Sir Martyn Lewis and I met back in April to discuss the impact of technology on humanity at The Club at The Ivy in London. It was a well-received debate, so we reconvened to tackle a new subject last month. As education is one of the key industries being disrupted by technology, and a subject both Martyn and I feel passionate about, it felt apt to put it on the agenda for the evening’s discussion.
The ‘Fourth Industrial Revolution’ will see an increase in workforce automation. The Organisation for Economic Co-operation and Development (OECD) estimates that over the next 10 to 20 years, “14 percent of jobs are at high risk of being fully automated, while another 32 percent at risk of significant change”. It is imperative, therefore, that education systems adapt to ensure students are equipped with the right skills to survive in our changing world.
While there are many different theories on what and how students should learn, I believe there is no escaping the fact that students will need to be prepared to continuously learn and upskill— people will be learners for life, rather than a set period. I also believe technology is playing, and will continue to play, a key role in the way skills are acquired and developed for the 21st Century workforce. So, it is no surprise that the Education Technology (EdTech) industry is set to reach $252 billion by 2020, growing at a 17% annual rate.
Technology presents a wonderful opportunity to re-shape 21st-century education because it’s popular with students and teachers. One study in the US has shown that the introduction of technology makes 87% of students more likely to attend class and 72% of them more likely to participate. While a study by Smoothwall found that 96% of teachers believe technology has had a positive impact on the way children participate and learn in lessons.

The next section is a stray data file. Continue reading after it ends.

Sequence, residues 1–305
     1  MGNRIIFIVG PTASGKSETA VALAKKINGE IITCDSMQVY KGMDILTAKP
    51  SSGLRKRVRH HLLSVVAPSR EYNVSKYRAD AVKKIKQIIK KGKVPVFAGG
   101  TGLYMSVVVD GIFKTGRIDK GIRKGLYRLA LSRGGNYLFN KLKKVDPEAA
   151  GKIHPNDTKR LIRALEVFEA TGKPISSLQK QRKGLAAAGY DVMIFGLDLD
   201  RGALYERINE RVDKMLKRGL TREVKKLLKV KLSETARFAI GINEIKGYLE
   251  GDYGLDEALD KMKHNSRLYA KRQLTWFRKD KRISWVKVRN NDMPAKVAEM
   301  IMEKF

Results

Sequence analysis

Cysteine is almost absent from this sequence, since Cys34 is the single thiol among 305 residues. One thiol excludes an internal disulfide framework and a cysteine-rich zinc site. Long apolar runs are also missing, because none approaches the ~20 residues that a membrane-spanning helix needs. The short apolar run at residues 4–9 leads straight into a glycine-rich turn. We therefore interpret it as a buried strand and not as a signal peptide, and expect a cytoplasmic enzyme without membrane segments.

Take augmented reality for example. The technology can be used to augment field trips by adding a layer of information and interactivity to the activity, help with foreign language studies by translating text, or bring subjects such as coral reefs and electromagnetism to life through apps like Google Expeditions. Considering all the applications and appeal of the technology, it’s no wonder that the New Jersey Institute of Technology (NJIT) reports “augmented reality has the potential to revolutionize learning in primary and secondary schools more than any other technology has done in the recent past”.